There is a need for coordinated, national efforts to change attitudes toward pain, says an Institute of Medicine report released June 29.
The report, mandated by the US Congress and funded by the National Institutes of Health (NIH), shows the country has a long way to go to relieve pain in America.
The 2010 Patient Protection and Affordable Care Act required the Department of Health and Human Services to enlist the Institute of Medicine to examine pain as a public health problem. It's estimated that 116 million Americans experience chronic pain, a condition that costs the nation up to $635 billion every year.
"Given the large number of people who experience pain and the enormous cost in terms of both dollars and the suffering experienced by individuals and their families, it is clear that pain is a major public health problem in America," the report's writing committee chair Philip Pizzo, MD, from Stanford University in California, said in a news release.
The committee says it would like to see the NIH designate one of its existing institutes to take the lead in pain medicine and increase the scope and resources of the NIH Pain Consortium.
But the report calls for action not only from the NIH. Committee members have unveiled what they are calling a blueprint for transforming prevention, care, education, and research. The report says that pain relief should be a national priority.
The report calls on the Centers for Disease Control and Prevention for epidemiologic data and public education. It also addresses the Agency for Healthcare Research and Quality and the Health Resources and Services Administration. The report also points to reimbursement-related problems and calls on the Centers for Medicare and Medicaid Services to help resolve them.
The Institute of Medicine is recommending a population-level prevention and management strategy. The health department, the committee says, should develop a comprehensive plan with specific goals, actions, and timeframes. The plan should:
The report points to gaps in knowledge about pain across healthcare and society. "Educating health professionals about how to better understand pain and its causes will help bridge these gaps," the report points out.
- Heighten awareness about pain and its health consequences;
- Emphasize prevention;
- Improve pain assessment and management in the delivery of healthcare and financing programs of the federal government;
- Use public health communication strategies to inform patients on how to manage their own pain; and
- Address disparities in the experience of pain.
The White House recently announced its first action plan to fight prescription drug abuse (available here in PDF). Agencies have already started banding together to address the problem they say has become "an epidemic."
The Institute of Medicine report appears to support the US Food and Drug Administration's long-awaited opioid plan. The central component of the new opioid Risk Evaluation and Mitigation Strategy is an education program for prescribers. The agency will require drug makers to provide and pay for the plan.
Continuing Medical Education
"Improving education is especially important for primary care providers, given their key role in pain management," the reports states. "In addition, all care providers should keep their knowledge current by engaging in continuing education programs, and licensure, certification, and recertification examinations should include assessments of providers' pain education."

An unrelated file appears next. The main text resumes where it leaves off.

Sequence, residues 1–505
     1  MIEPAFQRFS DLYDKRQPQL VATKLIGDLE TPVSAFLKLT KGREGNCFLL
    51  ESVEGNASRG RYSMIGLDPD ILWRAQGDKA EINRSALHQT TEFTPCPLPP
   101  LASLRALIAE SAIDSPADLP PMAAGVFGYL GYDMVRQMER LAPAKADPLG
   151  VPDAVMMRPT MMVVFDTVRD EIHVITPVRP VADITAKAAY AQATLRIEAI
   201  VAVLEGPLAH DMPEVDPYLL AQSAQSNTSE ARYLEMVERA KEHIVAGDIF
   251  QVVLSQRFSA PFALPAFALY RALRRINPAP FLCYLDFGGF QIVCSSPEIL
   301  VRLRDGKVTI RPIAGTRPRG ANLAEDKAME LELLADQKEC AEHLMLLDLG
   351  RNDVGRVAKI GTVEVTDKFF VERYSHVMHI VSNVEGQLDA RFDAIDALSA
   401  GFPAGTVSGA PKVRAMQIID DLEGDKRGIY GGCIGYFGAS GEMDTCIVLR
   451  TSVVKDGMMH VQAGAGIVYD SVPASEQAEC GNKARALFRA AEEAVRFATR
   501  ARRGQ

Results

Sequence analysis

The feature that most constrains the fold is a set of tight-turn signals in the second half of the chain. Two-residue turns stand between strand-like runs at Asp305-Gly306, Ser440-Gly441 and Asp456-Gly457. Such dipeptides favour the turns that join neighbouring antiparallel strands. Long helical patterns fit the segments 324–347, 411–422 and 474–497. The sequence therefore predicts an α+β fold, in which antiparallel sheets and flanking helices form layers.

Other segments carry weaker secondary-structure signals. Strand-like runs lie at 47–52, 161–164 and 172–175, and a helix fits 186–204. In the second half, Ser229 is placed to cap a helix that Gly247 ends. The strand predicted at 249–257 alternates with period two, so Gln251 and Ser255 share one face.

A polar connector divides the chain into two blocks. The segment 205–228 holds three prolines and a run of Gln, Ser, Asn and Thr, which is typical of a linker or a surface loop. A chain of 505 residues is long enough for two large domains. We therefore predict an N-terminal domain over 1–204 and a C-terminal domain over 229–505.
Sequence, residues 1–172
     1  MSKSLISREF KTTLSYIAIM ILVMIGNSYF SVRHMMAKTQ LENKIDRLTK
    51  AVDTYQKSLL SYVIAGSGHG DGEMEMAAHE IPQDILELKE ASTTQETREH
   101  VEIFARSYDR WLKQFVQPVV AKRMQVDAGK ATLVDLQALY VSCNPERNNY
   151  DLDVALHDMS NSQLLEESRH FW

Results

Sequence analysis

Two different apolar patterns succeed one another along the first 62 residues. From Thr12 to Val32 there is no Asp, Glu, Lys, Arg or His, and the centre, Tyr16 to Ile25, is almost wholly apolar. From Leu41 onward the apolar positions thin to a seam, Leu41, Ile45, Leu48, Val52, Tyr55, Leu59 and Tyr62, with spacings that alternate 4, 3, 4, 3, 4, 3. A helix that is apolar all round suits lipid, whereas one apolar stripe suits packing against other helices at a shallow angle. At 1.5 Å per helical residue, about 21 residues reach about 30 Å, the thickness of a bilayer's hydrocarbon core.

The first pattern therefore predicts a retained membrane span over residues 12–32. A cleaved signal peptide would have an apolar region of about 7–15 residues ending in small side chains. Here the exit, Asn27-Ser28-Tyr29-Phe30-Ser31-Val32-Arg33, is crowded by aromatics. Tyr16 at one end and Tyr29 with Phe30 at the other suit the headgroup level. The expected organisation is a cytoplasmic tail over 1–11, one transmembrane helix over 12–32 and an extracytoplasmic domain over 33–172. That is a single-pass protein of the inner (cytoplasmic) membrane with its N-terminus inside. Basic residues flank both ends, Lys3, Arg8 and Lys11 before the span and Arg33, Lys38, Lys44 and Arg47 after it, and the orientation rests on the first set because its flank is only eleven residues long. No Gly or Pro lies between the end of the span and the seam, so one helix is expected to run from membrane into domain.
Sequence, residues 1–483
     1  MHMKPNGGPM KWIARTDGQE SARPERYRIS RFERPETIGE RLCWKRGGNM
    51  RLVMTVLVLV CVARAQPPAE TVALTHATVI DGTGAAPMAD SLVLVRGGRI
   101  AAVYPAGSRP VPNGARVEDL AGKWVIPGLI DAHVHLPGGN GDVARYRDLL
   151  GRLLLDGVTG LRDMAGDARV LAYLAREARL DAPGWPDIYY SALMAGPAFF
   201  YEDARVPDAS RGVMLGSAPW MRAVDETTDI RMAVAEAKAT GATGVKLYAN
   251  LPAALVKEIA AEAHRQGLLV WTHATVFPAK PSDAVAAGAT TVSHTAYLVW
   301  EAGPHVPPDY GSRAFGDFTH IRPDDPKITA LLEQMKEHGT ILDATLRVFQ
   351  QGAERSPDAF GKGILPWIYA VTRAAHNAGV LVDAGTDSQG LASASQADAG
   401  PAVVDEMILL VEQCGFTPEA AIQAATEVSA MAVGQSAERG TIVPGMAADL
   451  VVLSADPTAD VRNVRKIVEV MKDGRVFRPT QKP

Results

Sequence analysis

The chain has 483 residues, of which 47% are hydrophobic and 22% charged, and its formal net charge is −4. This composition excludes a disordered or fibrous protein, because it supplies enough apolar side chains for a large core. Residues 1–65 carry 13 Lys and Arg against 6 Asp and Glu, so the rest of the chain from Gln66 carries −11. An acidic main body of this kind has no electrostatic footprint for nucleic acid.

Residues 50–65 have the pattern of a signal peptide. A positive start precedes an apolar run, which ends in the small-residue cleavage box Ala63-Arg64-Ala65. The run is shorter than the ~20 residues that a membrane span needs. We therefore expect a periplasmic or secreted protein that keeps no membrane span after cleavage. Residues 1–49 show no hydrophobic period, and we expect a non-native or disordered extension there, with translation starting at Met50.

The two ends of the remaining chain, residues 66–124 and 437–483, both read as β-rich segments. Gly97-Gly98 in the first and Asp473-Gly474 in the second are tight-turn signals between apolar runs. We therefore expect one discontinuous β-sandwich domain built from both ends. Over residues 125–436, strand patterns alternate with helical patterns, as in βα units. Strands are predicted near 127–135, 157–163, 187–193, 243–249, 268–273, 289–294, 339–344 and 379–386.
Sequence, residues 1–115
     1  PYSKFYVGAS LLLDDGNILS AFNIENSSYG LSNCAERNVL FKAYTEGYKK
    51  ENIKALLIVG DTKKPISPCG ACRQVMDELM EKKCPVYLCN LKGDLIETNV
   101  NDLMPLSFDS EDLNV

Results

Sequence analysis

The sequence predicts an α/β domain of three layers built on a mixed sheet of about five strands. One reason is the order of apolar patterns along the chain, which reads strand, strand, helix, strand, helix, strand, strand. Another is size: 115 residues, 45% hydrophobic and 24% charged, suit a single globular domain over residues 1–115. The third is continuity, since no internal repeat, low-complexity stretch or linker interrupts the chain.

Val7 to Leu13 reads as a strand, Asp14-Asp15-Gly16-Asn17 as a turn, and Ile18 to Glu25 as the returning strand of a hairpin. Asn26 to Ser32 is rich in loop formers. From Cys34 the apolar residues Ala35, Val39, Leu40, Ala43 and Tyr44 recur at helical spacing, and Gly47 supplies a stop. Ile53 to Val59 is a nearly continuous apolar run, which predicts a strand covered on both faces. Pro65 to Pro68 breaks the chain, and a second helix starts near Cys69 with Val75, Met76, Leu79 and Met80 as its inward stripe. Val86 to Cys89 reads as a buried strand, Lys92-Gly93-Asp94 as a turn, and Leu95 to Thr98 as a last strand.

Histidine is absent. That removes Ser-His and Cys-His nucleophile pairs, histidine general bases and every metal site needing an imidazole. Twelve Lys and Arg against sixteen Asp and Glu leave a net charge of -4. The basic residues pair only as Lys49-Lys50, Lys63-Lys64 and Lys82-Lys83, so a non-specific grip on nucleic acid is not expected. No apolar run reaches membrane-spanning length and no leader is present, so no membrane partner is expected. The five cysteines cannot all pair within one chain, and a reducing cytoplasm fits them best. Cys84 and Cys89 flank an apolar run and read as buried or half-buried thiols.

It is a complicated time for pain management. Prescription drug overdose death rates in the United States are at an all-time high. According to previous reports, there are more deaths from opioid overdoses than from heroin and cocaine overdoses combined. In some states, these rates are higher than deaths from automobile crashes. In addition to the clear human costs, an estimated 60% of hospital costs related to opioid overdoses are paid for with public funds.
As the issue garners increasing attention, many specialists worry legitimate patients will receive inadequate care.
All care providers should keep their knowledge current by engaging in continuing education programs.
"All too often, prevention and treatment of pain are delayed, inaccessible, or inadequate," Dr. Pizzo said. "Patients, healthcare providers, and our society need to overcome misperceptions and biases about pain."
Some of the recommended changes can be implemented by the end of 2012, including developing a comprehensive strategy, creating strategies to reduce barriers to care, supporting collaboration between pain specialists and primary care clinicians, and designating a lead institute at the NIH that is responsible for moving pain research forward, the committee writes. Other changes should be in place by 2015 and maintained as ongoing efforts.
"Healthcare providers, insurers, and the public need to understand that although pain is universal, it is experienced uniquely by each person and care — which often requires a combination of therapies and coping techniques — must be tailored. Pain is more than a physical symptom and is not always resolved by curing the underlying condition. Persistent pain can cause changes in the nervous system and become a distinct chronic disease."
This study was mandated by the US Congress and sponsored by the NIH. The researchers have disclosed no relevant financial relationships.
Institute of Medicine Report, published online June 29, 2011.
Allison Gandey • Medscape Medical News © 2011 WebMD, LLC